Author’s Note: Marx published his masterpiece ‘Das Kapital’ in Britain in 1867 – in its original (and his native) German language. Britain at this time, was allowing migrants from all over Europe to routinely settle – many of them fleeing an anti-Socialist persecution throughout Europe, (indeed, Karl Marx and Friedrich Engels made England their permanent home in 1849 precisely because of this persecution). This pogrom was in the Establishment response to the widespread uprising of the workers across Europe in the years 1847-1848. As a Socialist (Communist) Revolution appeared at-hand – Marx and Engels were prompted to pen the ‘Manifesto of the Communist Party’ as a guide for all working-class groups, associations and unions, etc. Marx spent hundreds of hours studying in the ‘old’ British Library in London – which is now the immense and mostly empty space of the ‘Entrance’ Rotunda of the British Museum (as the ‘new’ British Library is now situated further down the road). As there were ample workers now living in the UK with Marx and Engels, much of their output was logically in the German language. Indeed, it was not until 1887, (Marx had passed away in 1883), that ‘Das Kapital’ (German: ‘The Capital’) was finally published in English translation as ‘Capital’. This monumental and vital task was achieved by Samuel Moore and Edward Aveling (and edited by Engels) from the Third German-language edition, and was published in London by ‘Swan Sonnenenscein – Lowrey & Co. – Paternoster Square) – in two volumes (meaning that what is now usually called ‘Volume I’ out of the full four published volumes in the series – was confusingly separated into ‘two’ distinct volumes – but this was at a time when the other three volumes had not yet been edited and published (with all this work usually carried-out by an ageing but dedicated Engels). Many of these old editions can often be located on the dusty shelves of the wonderful second-hand bookshops of Oxford and London! These translations can be added to those carefully arranged and produced by the USSR (in English), and those now produced (with equal care) within Communist China, Cuba, Vietnam, Laos and North Korea, etc. The capitalist West periodically produces cheap paperback editions – usually for a type of ‘fetish’ interest amongst the young and the more progressive universities. As the capitalist West sinks ever further into the normalisation of fascism within liberal democracies, there is the ever present ‘threat’ that ‘Das Kapital’ could be ‘banned’ as an example of left-wing subversive literature – even as leather-bound editions of Hitler’s ‘Mein Kampf’ (the ‘Bible of Fascism’) are produced in Germany, translated into English and exported to the US and Western Europe, without any sense of alarm or irony, etc. What follows is a brief extract of ‘Das Kapital’, within which Karl Marx describes the state of ‘bread’ in Britain. ACW (24.10.2020)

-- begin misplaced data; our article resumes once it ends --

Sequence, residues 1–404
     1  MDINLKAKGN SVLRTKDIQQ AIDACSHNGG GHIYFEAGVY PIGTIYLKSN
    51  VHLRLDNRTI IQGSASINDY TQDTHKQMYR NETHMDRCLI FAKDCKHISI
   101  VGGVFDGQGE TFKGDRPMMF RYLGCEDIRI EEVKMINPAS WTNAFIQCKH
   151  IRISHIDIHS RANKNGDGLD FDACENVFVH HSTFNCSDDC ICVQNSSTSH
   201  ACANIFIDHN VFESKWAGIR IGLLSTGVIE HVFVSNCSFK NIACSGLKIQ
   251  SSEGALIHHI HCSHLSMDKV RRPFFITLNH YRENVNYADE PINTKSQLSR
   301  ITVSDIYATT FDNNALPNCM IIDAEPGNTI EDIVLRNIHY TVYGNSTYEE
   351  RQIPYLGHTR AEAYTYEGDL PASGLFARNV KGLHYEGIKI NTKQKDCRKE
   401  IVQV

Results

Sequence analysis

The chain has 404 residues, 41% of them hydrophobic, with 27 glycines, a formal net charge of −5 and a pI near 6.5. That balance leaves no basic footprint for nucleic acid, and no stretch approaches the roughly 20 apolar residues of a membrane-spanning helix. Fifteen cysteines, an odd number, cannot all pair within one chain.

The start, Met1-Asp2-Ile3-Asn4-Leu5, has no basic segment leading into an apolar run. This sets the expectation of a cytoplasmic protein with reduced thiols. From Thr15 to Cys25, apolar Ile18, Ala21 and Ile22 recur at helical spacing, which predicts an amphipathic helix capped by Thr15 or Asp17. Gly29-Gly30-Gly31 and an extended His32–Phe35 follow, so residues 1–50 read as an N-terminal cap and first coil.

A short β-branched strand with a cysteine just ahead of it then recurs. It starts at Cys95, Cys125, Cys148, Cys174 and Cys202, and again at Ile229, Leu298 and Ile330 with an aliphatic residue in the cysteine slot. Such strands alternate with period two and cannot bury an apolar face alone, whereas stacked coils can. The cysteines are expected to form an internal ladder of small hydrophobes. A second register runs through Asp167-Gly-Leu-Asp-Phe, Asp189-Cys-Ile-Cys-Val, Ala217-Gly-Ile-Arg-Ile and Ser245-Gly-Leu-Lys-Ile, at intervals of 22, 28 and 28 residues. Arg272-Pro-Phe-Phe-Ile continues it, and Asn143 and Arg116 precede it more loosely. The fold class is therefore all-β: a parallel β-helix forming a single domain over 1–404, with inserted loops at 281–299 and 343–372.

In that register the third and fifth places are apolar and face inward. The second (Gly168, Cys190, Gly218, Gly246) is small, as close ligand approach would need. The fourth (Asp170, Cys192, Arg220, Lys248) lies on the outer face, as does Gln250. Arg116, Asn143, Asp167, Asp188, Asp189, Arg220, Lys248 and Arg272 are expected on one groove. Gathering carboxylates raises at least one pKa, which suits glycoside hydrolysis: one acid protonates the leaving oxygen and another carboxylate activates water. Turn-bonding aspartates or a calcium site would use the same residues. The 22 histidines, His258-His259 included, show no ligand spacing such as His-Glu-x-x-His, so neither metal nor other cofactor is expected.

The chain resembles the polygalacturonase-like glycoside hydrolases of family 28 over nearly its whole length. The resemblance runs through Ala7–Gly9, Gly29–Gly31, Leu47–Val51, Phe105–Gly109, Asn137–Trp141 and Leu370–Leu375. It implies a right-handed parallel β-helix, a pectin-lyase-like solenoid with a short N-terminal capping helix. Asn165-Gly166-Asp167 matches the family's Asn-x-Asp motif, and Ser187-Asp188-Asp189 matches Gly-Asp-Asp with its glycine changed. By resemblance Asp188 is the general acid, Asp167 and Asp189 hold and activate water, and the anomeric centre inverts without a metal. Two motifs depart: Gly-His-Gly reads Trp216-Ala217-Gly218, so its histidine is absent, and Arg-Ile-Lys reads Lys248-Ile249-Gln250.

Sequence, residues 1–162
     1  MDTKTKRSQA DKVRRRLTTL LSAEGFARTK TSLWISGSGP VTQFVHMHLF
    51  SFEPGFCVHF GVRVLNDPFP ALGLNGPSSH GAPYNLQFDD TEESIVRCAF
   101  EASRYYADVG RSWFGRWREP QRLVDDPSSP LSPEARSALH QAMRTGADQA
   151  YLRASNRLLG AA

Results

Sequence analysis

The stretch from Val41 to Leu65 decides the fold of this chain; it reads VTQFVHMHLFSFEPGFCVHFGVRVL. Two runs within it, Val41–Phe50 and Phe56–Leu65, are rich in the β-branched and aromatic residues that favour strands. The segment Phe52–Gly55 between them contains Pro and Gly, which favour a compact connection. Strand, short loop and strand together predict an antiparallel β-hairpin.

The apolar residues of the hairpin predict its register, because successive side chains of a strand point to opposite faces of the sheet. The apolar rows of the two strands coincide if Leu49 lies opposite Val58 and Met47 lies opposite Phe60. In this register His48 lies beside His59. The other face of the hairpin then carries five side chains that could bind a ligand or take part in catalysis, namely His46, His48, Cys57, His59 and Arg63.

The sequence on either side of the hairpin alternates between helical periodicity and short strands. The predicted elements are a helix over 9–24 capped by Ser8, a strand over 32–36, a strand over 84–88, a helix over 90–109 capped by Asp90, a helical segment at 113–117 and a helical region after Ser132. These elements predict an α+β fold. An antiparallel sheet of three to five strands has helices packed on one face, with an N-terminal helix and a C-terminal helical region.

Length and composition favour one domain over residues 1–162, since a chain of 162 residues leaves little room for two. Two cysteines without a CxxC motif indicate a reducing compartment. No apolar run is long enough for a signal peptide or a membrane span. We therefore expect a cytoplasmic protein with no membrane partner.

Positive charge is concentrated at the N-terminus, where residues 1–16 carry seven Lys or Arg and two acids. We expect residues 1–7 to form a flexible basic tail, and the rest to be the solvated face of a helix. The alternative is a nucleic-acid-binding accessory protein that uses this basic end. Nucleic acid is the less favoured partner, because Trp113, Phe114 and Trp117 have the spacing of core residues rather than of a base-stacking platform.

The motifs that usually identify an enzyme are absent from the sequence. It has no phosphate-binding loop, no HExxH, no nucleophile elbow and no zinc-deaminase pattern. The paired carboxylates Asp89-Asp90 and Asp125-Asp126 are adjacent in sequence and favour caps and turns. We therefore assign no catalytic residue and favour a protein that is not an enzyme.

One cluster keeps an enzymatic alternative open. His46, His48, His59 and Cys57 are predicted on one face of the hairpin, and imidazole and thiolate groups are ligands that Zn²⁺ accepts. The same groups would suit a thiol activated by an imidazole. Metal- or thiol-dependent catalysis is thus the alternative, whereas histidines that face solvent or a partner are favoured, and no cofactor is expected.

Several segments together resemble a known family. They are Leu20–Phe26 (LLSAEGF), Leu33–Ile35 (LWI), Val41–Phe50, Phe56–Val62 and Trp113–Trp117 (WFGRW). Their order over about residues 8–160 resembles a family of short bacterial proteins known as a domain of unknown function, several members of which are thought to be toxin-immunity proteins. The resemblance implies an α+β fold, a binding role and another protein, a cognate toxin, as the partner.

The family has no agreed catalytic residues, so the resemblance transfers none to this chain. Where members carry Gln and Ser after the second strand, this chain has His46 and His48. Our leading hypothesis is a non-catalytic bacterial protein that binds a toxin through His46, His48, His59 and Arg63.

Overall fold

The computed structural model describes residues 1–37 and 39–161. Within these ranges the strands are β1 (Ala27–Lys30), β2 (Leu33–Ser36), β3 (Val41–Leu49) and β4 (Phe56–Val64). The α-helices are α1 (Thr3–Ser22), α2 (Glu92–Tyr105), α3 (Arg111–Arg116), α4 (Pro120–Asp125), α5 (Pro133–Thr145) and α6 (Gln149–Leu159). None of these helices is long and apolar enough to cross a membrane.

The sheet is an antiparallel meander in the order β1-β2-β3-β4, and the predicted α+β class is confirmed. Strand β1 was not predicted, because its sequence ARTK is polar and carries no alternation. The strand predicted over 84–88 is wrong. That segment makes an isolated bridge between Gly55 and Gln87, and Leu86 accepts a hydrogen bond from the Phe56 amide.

‘In every country in which the capitalist mode of production reigns, it is the custom not to pay for labour-power before it has been exercised for the period fixed by the contract, as for example, the end of each week, In all cases, therefore, the use-value of the labour-power is advanced to the capitalist: the labourer allows the buyer to consume if before he receives payment of the price; he everywhere gives credit to the capitalist. That this credit is no mere fiction, is shown not only by the occasional loss of wages on the bankruptcy of the capitalist, (1) but also by a series of more enduring consequences (2). Nevertheless, whether money serves as a means of purchase or as a means of payment, this makes no alteration in the nature of the exchange of commodities.